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I am working on Play Framework 2.0 and it uses Jerkson to parse JSON strings. I was using it successfully to parse Immutable Lists of strings like so:

Json.parse( jsonStr ).as[ List[String] ]

But this code doesn't work for me when I try

Json.parse( jsonStr ).as[ MutableList[String] ]

Does anyone know how I can do this easily?

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class MutableList is from? – missingfaktor Jun 18 '12 at 18:08
@missingfaktor I think he's referring to scala.collection.mutable.MutableList – Dan Simon Jun 18 '12 at 18:27
@DanSimon, thanks. Three years of Scala, and this is the first time I am seeing that class. – missingfaktor Jun 18 '12 at 18:53
up vote 2 down vote accepted

E.g. new MutableList[String]() ++= Json.parse( jsonStr ).as[ List[String] ] (assuming @DanSimon is correct about which MutableList you mean). But the most used mutable list-like collection in Scala is a Buffer which could be obtained as Buffer(Json.parse( jsonStr ).as[ List[String] ] or Json.parse( jsonStr ).as[ List[String] ].toBuffer.

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Thanks, I didn't know that Buffer is the more commonly used mutable list-like collection. – wynnch Jun 18 '12 at 20:28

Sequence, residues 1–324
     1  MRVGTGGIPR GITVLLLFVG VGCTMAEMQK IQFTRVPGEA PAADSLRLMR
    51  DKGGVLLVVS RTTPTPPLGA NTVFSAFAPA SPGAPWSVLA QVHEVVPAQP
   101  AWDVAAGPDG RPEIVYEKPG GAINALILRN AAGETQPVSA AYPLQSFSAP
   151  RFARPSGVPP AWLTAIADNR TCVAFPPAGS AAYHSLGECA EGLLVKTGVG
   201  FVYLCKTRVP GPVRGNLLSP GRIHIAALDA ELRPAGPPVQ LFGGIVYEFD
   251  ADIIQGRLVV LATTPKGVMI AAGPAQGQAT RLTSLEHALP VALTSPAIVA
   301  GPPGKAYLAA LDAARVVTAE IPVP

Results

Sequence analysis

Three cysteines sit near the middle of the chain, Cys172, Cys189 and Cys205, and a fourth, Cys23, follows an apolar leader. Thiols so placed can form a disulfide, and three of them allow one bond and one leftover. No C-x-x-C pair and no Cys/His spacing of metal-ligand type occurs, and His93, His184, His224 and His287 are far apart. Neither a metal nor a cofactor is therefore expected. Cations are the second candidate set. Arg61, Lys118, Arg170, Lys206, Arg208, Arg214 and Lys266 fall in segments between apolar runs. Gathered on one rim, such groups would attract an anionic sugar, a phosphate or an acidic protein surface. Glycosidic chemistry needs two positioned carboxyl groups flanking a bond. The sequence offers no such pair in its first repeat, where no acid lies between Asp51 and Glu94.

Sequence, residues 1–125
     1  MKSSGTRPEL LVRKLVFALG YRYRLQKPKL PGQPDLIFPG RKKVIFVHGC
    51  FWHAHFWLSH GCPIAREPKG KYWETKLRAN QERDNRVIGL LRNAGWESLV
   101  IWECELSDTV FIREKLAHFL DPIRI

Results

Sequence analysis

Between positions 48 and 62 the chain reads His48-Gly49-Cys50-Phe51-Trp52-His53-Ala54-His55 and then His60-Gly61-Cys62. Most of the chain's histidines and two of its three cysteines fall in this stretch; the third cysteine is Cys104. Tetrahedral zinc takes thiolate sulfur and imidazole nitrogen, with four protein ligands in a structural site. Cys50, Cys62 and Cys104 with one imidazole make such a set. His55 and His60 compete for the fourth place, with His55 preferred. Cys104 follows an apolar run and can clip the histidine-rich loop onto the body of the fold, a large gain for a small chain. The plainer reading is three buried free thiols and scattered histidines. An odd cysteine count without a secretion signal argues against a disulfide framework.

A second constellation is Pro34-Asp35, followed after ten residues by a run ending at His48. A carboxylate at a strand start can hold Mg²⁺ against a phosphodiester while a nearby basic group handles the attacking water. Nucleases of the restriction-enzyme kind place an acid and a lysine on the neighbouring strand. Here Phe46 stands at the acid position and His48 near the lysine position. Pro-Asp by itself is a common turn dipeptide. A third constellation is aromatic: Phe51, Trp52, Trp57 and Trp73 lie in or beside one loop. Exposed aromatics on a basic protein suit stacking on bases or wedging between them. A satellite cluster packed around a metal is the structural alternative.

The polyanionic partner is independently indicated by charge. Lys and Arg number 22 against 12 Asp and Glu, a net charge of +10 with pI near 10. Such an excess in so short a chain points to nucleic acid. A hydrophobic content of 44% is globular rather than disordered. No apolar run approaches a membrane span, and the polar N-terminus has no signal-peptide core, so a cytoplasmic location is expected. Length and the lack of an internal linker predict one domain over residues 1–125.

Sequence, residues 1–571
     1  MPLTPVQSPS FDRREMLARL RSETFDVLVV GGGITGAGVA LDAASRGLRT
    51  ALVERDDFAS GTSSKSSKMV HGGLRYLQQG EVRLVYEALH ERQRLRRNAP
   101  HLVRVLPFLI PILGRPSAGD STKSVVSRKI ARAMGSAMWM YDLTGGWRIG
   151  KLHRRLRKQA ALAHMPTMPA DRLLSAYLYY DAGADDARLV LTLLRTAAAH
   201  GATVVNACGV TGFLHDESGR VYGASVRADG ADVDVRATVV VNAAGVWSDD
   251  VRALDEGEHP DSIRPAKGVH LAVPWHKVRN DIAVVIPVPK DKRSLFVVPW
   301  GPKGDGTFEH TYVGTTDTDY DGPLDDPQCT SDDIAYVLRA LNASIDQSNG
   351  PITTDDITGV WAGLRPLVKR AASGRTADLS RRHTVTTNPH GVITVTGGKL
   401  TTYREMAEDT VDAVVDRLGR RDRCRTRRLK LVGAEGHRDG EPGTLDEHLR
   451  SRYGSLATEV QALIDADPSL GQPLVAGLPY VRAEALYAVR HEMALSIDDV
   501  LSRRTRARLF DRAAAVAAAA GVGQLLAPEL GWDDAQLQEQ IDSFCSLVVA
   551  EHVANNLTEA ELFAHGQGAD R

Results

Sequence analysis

But yea thanks so much, this really helped! – wynnch Jun 18 '12 at 20:37

Your second line will work as it is in a future version of Play 2.0, thanks to the replacement of seqReads by traversableReads in the current trunk:

implicit def traversableReads[F[_], A](implicit bf: generic.CanBuildFrom[F[_], A, F[A]], ra: Reads[A]) = new Reads[F[A]] {
  def reads(json: JsValue) = json match {
    case JsArray(ts) => {
      val builder = bf()
      for (a <-[A](_))) {
        builder += a
    case _ => throw new RuntimeException("Collection expected")

So if you're willing to build Play from source, or to wait, you're fine. Otherwise you should be able to drop the method above somewhere in your own code to get an appropriate Reads instance in scope, or—even better—just use Alexey Romanov's solution, or—best of all—don't use MutableList.

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Sorry, but where exactly should I put this method in my code? – wynnch Jun 18 '12 at 21:26
It's an implicit method that creates an instance of the Reads type class for collection types as needed, so you should be able to put it anywhere in scope (you may need to add an import for—or qualify the call to—Json.fromJson). – Travis Brown Jun 18 '12 at 22:46

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